The Barber family have been making cheddar cheese for longer than anyone else worldwide. So, when it comes to combining the finest West Country milk with traditional manufacturing methods to produce award-winning cheese, we'd like to think that we've learnt a thing or two.
In 1833, our ancestor Daniel Barber began making cheese on his Somerset farm. Nearly two centuries later and we’re still here, now the oldest surviving cheddar-makers in the world. We’ve made a few changes along the way, but we’re still committed to making the finest farmhouse cheddar.
To make the best cheese, we need the best West Country milk. Our dairy cows graze the lush pastures of Somerset and Dorset to produce rich, creamy milk that we transform into PDO-accredited cheddar. We also work with many of our neighbouring farmers who supply us with additional milk and we’re proud to support our local farming community in this way.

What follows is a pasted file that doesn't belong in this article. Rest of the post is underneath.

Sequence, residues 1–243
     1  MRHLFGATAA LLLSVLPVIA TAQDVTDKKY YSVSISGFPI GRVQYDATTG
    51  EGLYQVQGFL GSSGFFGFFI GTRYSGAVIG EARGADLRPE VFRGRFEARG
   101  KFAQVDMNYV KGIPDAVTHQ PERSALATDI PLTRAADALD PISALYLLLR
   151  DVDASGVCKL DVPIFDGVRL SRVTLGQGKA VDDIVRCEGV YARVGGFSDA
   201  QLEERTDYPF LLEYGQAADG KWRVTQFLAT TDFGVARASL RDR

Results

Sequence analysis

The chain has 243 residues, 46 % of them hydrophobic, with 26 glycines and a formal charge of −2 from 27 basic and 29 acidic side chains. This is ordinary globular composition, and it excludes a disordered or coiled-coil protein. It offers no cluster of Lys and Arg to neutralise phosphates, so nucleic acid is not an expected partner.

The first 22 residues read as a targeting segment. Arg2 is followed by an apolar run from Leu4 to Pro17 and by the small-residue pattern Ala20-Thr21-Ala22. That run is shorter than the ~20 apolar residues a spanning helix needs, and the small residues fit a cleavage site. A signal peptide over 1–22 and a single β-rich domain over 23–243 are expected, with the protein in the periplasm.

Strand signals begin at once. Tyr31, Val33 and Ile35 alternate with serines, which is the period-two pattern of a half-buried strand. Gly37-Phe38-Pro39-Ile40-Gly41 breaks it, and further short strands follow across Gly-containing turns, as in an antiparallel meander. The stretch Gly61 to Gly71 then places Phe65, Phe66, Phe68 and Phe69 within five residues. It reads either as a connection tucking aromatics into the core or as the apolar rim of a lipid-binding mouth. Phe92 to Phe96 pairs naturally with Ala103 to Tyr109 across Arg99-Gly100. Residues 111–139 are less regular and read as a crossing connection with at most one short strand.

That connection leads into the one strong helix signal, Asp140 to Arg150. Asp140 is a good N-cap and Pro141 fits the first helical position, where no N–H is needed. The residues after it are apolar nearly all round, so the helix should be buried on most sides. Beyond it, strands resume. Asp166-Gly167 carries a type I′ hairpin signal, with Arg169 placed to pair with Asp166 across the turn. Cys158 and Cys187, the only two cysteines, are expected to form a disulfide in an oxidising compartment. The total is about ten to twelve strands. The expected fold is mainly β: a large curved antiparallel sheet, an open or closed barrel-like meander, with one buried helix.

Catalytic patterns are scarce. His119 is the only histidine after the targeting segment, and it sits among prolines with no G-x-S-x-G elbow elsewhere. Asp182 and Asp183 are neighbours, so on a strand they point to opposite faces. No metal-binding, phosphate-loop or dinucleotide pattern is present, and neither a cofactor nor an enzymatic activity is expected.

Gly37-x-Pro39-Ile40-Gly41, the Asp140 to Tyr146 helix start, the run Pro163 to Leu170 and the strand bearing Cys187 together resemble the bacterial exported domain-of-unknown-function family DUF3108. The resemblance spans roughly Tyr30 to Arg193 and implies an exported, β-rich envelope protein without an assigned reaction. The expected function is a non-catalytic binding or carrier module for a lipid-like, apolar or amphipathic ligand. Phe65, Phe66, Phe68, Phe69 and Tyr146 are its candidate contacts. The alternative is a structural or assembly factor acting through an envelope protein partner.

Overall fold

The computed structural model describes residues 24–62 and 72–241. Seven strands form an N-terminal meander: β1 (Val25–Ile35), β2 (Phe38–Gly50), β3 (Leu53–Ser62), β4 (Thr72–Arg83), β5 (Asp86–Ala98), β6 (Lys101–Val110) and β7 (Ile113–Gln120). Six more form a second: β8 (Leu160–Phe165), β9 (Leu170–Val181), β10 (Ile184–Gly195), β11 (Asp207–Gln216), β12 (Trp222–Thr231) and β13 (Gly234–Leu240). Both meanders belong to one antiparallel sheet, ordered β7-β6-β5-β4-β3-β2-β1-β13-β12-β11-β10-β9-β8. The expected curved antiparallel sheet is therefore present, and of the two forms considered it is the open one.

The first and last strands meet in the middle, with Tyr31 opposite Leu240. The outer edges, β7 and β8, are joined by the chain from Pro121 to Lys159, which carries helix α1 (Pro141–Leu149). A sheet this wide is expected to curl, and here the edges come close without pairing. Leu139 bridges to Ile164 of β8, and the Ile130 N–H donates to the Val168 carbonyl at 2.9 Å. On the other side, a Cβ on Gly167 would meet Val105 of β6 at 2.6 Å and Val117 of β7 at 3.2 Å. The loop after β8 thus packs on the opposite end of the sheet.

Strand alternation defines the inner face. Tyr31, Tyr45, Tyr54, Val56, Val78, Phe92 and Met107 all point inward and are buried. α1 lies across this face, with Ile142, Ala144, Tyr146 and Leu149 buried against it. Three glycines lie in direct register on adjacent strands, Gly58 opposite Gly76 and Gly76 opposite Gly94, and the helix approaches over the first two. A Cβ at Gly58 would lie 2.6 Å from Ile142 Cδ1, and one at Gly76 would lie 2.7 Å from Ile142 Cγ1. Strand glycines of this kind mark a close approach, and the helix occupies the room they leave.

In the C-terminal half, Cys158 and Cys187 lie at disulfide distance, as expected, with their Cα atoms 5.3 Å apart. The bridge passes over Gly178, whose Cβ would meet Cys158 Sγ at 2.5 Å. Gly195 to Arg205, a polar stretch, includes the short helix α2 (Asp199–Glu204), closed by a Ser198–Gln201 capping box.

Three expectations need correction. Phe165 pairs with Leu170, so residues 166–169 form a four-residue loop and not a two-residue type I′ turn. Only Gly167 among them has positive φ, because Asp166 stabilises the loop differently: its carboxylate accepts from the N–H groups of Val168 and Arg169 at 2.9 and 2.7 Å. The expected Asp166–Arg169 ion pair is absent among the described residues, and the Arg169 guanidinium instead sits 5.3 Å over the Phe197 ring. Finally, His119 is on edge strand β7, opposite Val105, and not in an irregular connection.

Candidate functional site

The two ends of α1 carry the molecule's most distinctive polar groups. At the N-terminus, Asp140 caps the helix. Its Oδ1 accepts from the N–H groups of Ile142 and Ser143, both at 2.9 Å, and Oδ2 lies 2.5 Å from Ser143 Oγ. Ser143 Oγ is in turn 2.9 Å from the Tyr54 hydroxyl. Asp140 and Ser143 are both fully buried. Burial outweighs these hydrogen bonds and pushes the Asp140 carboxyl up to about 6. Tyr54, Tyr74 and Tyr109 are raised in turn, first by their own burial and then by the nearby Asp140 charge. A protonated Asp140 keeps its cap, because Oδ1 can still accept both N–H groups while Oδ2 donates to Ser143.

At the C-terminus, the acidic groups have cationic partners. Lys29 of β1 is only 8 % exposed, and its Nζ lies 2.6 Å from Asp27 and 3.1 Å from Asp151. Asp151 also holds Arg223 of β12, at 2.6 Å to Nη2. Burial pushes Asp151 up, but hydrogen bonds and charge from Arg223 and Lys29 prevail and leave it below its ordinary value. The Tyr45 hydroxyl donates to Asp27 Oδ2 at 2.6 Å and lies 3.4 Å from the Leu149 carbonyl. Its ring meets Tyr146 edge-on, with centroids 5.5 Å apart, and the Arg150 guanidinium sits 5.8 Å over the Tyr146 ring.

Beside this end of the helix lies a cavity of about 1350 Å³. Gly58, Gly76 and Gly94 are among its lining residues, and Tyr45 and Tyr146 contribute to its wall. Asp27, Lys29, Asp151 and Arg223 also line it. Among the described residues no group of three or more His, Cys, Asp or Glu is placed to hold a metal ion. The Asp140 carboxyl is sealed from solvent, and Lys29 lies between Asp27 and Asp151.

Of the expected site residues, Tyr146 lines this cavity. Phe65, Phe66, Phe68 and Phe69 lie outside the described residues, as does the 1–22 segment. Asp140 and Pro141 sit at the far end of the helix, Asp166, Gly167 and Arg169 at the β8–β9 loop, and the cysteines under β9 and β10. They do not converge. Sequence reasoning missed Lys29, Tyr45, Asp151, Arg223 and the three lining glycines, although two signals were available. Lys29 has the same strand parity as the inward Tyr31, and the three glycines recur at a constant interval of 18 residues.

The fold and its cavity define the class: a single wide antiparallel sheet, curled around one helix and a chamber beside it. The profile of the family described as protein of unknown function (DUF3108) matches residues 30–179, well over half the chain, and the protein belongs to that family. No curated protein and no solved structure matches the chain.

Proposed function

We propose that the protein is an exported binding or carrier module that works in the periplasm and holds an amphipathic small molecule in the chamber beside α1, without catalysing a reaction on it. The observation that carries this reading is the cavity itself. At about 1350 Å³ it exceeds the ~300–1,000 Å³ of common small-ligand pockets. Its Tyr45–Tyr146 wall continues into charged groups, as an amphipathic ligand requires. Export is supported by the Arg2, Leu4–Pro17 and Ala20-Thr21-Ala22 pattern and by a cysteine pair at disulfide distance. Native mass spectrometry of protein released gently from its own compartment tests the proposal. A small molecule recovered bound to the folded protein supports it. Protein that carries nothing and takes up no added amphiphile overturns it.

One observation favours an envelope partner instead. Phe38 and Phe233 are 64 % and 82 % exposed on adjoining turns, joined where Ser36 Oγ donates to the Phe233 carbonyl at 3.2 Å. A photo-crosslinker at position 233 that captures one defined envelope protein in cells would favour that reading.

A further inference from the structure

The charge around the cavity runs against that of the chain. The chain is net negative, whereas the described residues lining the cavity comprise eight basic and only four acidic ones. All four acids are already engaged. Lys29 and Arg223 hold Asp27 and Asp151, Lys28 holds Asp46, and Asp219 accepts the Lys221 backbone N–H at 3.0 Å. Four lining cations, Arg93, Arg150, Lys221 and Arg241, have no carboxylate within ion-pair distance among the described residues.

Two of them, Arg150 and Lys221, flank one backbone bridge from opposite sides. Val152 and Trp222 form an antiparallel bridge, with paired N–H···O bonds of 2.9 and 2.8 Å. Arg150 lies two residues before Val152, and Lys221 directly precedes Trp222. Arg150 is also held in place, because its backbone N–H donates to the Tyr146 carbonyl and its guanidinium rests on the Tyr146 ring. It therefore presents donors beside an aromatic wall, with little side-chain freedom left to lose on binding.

We’re also the sole guardians of the country’s last remaining traditional cheese starter cultures — the ‘friendly’ bacteria that start the cheesemaking process and contribute to the final texture, aroma and taste. Only by using these cultures can we be sure that we’re making true West Country cheddar.
Since 1833, we’ve embraced new technology and innovation. However, we still rely on the expertise and instincts of our cheesemakers to ensure our cheese is the best it can be. We ‘cheddar’ our curds by hand and mature our cheese until it reaches peak condition.
We believe that it’s this attention to detail and authenticity that allows our cheese to develop the rich, full flavour of traditional cheddar. That and nearly 200 years of experience, of course.